Google+
Close
A Mind-Changing Page
The idea that the stock-market crash caused the Great Depression is difficult to reconcile with the data.


Text  


Thomas Sowell

If more government regulation of business is the magic answer that so many seem to think it is, the whole history of the 1930s should have been different. An economic study in 2004 concluded that New Deal policies prolonged the Great Depression. But the same story can be found on one page in Out of Work.

While the market produced a peak unemployment rate of 9 percent — briefly — after the stock-market crash of 1929, unemployment shot up after massive federal interventions in the economy. It rose above 20 percent in 1932 and stayed above 20 percent for 23 consecutive months, beginning in the Hoover administration and continuing during the Roosevelt administration.

Advertisement
As Casey Stengel used to say, “You could look it up.” It is all there on that one page.

Those who are convinced that the government has to “do something” when the economy has a problem almost never bother to find out what actually happens when the government intervenes.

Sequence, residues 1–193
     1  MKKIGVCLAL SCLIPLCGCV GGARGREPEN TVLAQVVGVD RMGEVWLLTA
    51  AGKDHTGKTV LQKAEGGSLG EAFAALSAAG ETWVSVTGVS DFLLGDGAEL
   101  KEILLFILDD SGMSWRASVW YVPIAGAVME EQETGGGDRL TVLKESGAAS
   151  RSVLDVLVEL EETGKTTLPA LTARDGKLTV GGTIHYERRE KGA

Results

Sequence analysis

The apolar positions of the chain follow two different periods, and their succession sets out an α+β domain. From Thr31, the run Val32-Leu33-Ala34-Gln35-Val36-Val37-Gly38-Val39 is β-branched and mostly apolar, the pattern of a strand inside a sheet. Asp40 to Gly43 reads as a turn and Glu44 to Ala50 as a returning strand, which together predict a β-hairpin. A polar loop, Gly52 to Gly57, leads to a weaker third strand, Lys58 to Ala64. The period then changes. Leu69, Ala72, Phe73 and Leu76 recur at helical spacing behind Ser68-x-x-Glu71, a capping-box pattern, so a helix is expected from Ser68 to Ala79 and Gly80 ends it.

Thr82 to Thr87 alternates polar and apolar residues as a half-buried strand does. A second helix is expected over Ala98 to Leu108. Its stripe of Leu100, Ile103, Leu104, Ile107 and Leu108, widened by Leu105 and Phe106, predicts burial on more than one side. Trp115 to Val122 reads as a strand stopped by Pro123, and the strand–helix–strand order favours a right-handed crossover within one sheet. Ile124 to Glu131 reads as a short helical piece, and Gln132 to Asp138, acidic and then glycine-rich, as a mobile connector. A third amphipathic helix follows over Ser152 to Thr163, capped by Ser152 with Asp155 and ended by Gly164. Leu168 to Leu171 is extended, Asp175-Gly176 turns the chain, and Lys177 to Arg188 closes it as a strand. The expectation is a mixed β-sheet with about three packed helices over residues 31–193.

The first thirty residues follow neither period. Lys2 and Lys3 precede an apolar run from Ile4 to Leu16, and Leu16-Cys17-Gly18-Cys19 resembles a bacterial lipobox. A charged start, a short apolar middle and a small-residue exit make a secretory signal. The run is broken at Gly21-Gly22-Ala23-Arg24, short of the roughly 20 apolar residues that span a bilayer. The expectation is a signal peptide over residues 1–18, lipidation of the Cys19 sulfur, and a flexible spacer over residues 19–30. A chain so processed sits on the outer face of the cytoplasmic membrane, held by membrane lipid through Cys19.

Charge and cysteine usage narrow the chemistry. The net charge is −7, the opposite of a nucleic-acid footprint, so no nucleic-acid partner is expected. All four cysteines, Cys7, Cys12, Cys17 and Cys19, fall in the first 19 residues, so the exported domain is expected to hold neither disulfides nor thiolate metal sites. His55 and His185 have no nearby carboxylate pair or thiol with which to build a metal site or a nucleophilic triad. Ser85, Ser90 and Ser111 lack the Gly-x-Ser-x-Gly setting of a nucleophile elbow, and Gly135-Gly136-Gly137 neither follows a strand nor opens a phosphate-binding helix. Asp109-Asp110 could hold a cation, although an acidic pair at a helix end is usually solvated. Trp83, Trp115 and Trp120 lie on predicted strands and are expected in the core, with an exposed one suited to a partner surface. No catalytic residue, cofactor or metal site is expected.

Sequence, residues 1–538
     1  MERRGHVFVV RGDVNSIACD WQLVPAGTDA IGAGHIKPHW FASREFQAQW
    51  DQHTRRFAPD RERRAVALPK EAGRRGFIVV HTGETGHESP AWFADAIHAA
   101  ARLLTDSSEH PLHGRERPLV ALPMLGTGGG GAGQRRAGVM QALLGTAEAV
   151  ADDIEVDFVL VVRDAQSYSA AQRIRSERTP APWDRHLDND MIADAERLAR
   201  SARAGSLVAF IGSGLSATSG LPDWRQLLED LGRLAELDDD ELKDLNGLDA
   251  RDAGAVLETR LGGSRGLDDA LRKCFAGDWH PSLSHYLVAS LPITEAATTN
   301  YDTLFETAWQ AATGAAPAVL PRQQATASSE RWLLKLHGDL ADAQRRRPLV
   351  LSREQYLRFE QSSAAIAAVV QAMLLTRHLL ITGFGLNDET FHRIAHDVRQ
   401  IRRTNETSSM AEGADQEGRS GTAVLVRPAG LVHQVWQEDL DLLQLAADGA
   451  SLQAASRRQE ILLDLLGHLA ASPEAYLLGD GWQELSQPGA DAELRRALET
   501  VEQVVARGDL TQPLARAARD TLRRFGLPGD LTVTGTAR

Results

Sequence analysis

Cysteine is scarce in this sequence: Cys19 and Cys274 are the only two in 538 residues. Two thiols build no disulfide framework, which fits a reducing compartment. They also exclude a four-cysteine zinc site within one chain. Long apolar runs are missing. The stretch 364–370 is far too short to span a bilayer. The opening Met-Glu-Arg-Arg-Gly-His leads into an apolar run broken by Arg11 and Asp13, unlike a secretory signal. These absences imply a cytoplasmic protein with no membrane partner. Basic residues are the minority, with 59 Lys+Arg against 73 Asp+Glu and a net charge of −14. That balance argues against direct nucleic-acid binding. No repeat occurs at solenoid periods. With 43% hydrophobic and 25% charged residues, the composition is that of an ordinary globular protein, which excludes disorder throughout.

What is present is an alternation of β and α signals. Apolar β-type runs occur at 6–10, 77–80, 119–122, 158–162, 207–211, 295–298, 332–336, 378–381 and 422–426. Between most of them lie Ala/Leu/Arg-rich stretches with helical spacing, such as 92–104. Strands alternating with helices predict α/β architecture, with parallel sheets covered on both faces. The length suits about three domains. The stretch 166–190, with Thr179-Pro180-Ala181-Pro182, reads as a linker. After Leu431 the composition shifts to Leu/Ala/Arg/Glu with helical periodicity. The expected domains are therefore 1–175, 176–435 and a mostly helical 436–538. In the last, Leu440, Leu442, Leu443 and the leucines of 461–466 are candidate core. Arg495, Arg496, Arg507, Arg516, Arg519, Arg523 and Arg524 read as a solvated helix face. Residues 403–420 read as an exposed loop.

The very fact that we still remember the stock market crash of 1929 is remarkable, since there was a similar stock-market crash in 1987 that most people have long since forgotten.

What was the difference between these two stock-market crashes? The 1929 stock-market crash was followed by the most catastrophic depression in American history, with as many as one-fourth of all American workers being unemployed. The 1987 stock-market crash was followed by two decades of economic growth with low unemployment.

But that was only one difference. The other big difference was that the Reagan administration did not intervene in the economy after the 1987 stock-market crash — despite many outcries in the media that the government should “do something.”

Thomas Sowell is a senior fellow at the Hoover Institution. © 2010 Creators Syndicate, Inc.



Text  


Sign up for free NRO e-mails today:

NRO Polls on LockerDome

Subscribe to National Review